Ah friendship. What a wonderful thing. It’s such an integral part to being a human, that even if no one is around, we’ll use inanimate objects to create friends. Just see that great doc about Tom Hanks when he was stranded on an island for proof. As the philosopher Freddy Mercury once put it, “Ooh, you make me live. You’re my best friend.”
But for being such an integral part of our beings, it can also be a tricky thing to do correctly. Now, to be clear, this is not an accusatory piece about how my friends are terrible. My friends are awesome. All of them. They’re the two greatest people ever. I mean one’s imaginary, but that’s just a personality quirk. No, this article is an exploration of what it means to be a good friend, and the true nature of friendship.
How you define a “friend” is a bit of a gray area nowadays. Now that social media is deeply ingrained in our society, we have the commonplace occurrence of having ongoing social interactions with people we rarely, if ever, see. I remember the first time that I met someone who knew my friends purely through Instagram. It was interesting because you’re enjoying hanging out with the person, and having engaging conversation, but every once in a while there’s this thought of “I have no idea who this person is.” In some ways it was like the friends version of online dating.
This version of a pseudo-friend, more intimate than an acquaintance yet not someone you’d share your secrets with, is prevalent even without the context of meeting through social media. The most obvious example of this (to me, ‘cause of the places I frequent) is the bar friend. I’ve hung out in quite literally countless bars (counting is hard when whiskey’s involved), and have had just as countless memorable experiences with bar friends (most of which would be a lot more memorable if I could remember them). I mean in a lot of ways a bar friend is the perfect friend situation. You get all of the enjoyment of friendship, with none of the work of actual friendship. But the danger is that you start to think that this is what true friendship is.
In a lot of ways, true friendship is defined more by the bad than the good. In my humble but expert and totally right opinion, this is a result of honesty. While I would argue that honesty is the keystone in any relationship, it is most important in a friendship. For example, if your significant other asks you if they look good, the answer is always yes. If your friend asks you, there’s a time and place where it’s your duty to say no.
Being honest with each other means that you’ve established trust. For better or for worse, you know that your friend is going to tell it like it is. I was talking with a friend about our mutual friend who is with someone that everyone in our friend circle agrees is not good for this mutual friend (for obvious reasons I’m not naming names here). This is one of those situations where as a friend you have an obligation to speak up and say “Look, I love you, but you can do better. This person is bad news.” Which sucks because you don’t want to hurt your friend’s feelings, and you don’t want to create an awkward situation, but if you would keep quiet you’d be betraying the trust that that friend has in you. Same thing happened to me when my friend talked me out of buying jorts (though I still maintain my killer calves would look great under an umbrella of denim).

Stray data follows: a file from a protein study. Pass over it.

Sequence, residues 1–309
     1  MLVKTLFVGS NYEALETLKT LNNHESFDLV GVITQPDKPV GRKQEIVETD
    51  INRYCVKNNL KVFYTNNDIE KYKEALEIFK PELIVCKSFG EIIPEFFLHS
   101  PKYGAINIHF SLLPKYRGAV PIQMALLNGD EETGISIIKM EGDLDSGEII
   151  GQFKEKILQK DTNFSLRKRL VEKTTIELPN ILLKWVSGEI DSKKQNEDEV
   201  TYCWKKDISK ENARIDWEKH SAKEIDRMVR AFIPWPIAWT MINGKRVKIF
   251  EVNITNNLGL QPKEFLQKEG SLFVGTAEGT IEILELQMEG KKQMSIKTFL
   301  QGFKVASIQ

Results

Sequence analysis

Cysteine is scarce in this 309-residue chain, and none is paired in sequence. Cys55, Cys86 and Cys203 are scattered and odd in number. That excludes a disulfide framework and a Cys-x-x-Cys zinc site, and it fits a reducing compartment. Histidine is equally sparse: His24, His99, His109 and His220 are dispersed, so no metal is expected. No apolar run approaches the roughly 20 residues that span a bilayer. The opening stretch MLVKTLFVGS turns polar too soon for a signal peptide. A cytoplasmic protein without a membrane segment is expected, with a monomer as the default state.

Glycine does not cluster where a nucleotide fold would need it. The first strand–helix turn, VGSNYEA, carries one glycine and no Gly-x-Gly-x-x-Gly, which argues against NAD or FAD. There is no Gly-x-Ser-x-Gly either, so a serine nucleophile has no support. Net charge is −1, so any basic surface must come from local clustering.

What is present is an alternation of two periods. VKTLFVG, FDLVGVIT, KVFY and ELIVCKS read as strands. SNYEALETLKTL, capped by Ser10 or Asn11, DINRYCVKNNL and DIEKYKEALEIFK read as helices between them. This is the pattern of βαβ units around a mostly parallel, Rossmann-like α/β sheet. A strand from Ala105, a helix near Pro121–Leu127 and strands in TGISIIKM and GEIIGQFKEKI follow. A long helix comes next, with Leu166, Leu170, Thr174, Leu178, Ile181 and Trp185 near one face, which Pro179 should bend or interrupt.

The other important aspect of a good friendship is, for lack of a better term, presence. You need to be there for your friends. That sounds obvious, but is more nuanced than you may think. In today’s busy world, simply being present in your friend’s daily lives can be tough. Especially if you don’t live in the same area. But there needs to be an understanding that your friend is there for you. I am not ashamed to say that I’ve ended friendships because I was in a low point in my life, and I knew they knew it, and they didn’t reach out. If you can come away with one thing from this article, I’d like for you to come away with the knowledge that all it takes to be present in your friend’s life is the following statement. It’s a stupid simple statement, and people say it insincerely all the time. But when it comes from a friend, it speaks volumes. All you have to do is ask “How are you doing?”
And presence doesn’t necessarily mean speaking with your friends on a daily basis. I don’t live anywhere near two of my best friends, and I speak with them infrequently at best. But we keep up with each others’ lives, and if we’re going through something (both good and bad), there’s an understanding that we’re there for each other. We know this to be true because when we do speak, or when we do see each other, it’s as if we spoke just yesterday.
So keep these things in mind the next time you think about your friends. Or if you question who your friends truly are. Because it’s true that good friends are hard to come by, and it’s even truer that good friends are harder to keep. But the good news is that you’ll notice your good friends are the ones who it doesn’t feel hard keeping. If you think about your history together, you’ll realize that there’s been a lot of work put in, on both ends, but it doesn’t always feel that way. They’ve traversed your hardships and you’ve called them out when they needed it. They’re the ones who asked “How are you doing?”